With the release of the new Kindle for 2022, Amazon finally increased the screen resolution to 300 ppi after 15 years of only offering 167 ppi screens on entry-level Kindles.
It’s nice to see the basic Kindle finally get a good quality screen; it’s a noticeable improvement over the previous generation Kindle. It still lacks the warm frontlight option found on other more expensive Kindles, but the screen itself is on par with similar 300 ppi ereaders. I was eager to see how the screen stacks up with other Kindles so here’s a quick screen comparison review.
New Kindle vs Kindle Voyage
The Kindle Voyage is known for having the best screen of any Kindle ever released. There’s something about front glass layer that doesn’t degrade the clarity of the E Ink screen. It doesn’t have a great frontlight but the screen is superb, with darker blacks and sharper text than any other E Ink device I’ve ever seen. For some reason even newer Carta 1200 screens can’t beat it.
Some were hoping the new Kindle would be able to match the Kindle Voyage’s screen since it doesn’t have an added layer over the top. But after comparing the two side-by-side, it’s clearly obvious the Voyage still has darker blacks. The new Kindle is close, but the Voyage’s screen still has slightly better contrast. However, the new Kindle’s screen refreshes better so there’s less ghosting, and it’s also noticeably faster to turn pages and refresh the text on the screen, and it also offers Dark Mode, which the Voyage lacks.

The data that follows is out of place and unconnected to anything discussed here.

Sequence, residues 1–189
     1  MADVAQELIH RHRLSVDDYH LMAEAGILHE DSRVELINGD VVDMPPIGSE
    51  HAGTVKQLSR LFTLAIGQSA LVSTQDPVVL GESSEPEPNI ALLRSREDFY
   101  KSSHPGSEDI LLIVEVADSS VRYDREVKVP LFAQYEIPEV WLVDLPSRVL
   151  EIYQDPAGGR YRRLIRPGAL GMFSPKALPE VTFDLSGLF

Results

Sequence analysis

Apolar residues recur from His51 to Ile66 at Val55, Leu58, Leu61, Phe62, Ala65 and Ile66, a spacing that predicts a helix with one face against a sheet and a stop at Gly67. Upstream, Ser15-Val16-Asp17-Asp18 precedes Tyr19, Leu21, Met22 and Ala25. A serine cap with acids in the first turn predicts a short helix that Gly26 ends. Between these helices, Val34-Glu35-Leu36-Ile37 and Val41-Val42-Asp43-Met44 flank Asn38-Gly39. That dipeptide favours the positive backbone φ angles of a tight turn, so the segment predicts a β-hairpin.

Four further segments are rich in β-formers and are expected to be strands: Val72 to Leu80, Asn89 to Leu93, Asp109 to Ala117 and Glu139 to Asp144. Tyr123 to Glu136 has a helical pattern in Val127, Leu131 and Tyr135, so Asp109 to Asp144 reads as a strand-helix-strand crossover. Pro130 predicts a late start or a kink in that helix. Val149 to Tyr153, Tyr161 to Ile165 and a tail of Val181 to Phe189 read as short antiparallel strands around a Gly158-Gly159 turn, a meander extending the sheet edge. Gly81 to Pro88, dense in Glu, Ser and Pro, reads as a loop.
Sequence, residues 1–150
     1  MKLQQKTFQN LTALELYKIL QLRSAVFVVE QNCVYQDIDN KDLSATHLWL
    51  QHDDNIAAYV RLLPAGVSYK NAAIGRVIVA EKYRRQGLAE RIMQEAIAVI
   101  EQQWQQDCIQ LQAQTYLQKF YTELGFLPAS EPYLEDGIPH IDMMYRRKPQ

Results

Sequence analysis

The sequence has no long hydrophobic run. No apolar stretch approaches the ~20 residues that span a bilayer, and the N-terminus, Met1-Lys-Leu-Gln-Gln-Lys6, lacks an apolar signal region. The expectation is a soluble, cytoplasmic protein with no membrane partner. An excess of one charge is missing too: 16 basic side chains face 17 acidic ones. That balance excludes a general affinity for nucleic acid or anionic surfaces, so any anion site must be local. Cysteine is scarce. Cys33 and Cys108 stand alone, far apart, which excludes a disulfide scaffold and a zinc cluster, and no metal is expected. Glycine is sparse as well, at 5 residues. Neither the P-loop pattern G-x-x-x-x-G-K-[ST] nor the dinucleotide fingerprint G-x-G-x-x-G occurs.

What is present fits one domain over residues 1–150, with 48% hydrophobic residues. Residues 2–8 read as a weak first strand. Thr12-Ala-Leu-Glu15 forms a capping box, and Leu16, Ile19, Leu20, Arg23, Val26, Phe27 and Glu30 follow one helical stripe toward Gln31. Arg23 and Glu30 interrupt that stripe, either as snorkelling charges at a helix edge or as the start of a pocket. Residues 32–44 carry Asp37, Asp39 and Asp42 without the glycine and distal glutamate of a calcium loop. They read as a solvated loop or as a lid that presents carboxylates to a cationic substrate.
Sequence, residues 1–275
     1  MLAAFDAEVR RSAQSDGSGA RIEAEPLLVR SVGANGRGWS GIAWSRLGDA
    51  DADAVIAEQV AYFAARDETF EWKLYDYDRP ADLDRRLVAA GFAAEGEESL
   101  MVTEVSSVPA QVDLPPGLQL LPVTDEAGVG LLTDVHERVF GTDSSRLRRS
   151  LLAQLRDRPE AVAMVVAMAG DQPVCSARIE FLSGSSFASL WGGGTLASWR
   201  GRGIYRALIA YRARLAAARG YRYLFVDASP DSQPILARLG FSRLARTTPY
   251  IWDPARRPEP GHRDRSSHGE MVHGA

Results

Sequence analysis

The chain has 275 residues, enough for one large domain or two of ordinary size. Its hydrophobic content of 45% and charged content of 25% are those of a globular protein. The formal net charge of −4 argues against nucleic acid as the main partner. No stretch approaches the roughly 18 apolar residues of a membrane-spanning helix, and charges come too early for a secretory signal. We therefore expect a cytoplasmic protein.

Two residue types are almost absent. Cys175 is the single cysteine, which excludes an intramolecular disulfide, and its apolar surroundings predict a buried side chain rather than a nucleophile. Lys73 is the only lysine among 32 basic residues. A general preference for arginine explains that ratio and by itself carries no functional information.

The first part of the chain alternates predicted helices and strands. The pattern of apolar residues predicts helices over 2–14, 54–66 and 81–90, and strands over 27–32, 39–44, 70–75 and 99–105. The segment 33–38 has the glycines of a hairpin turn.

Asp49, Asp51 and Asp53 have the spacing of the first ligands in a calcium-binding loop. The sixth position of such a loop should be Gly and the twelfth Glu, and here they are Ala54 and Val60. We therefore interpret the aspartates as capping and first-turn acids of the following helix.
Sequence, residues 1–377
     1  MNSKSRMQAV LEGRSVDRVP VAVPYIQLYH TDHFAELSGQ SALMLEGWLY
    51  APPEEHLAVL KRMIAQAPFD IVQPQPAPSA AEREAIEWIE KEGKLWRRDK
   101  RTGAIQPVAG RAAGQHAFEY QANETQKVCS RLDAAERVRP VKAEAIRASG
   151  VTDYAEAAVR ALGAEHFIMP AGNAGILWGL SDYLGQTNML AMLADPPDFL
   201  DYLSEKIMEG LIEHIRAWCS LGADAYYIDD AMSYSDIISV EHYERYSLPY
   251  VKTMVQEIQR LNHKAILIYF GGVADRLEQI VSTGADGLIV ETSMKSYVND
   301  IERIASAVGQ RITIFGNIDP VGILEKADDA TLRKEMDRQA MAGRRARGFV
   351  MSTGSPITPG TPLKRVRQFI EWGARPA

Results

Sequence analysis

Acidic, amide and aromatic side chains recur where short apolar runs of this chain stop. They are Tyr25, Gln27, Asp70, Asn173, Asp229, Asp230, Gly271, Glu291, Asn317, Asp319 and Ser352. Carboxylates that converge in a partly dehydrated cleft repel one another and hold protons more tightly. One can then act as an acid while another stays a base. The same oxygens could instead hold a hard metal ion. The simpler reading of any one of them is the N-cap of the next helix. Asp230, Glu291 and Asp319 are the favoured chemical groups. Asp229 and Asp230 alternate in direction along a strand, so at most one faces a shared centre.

New Kindle vs Kindle Paperwhite
My guess is the new Kindle uses the same screen panel as the Kindle Paperwhite 3 and 4, but without the added plastic front layer it looks better than the Paperwhite 4. To my eyes it looks closest to the Paperwhite 3’s screen.
When compared to the latest Kindle Paperwhite, the text appears to be a bit darker on the Paperwhite’s screen. I get the same impression when comparing it to the new Kobo Clara 2E. My conclusion is the new Kindle uses a 300 ppi E Ink Carta screen, but not the newer Carta 1200 screens that have slightly darker blacks. To my eyes the Paperwhite 5’s screen does look better even with the added plastic layer over the top. However, the Paperwhite does show more glare with the added layer.
New Kindle Screen Comparison Video
I think this is the last “screen comparison” video I’m going to do because the differences with E Ink screens are so subtle it’s hard to see in videos and pictures; it’s really something you need to see in person to get a feel for—and sometimes one screen will look better under bright light and another will look better in lower light, and the frontlights can affect the perceived contrast too (that’s why I’m only comparing the screens in this video and not the frontlights).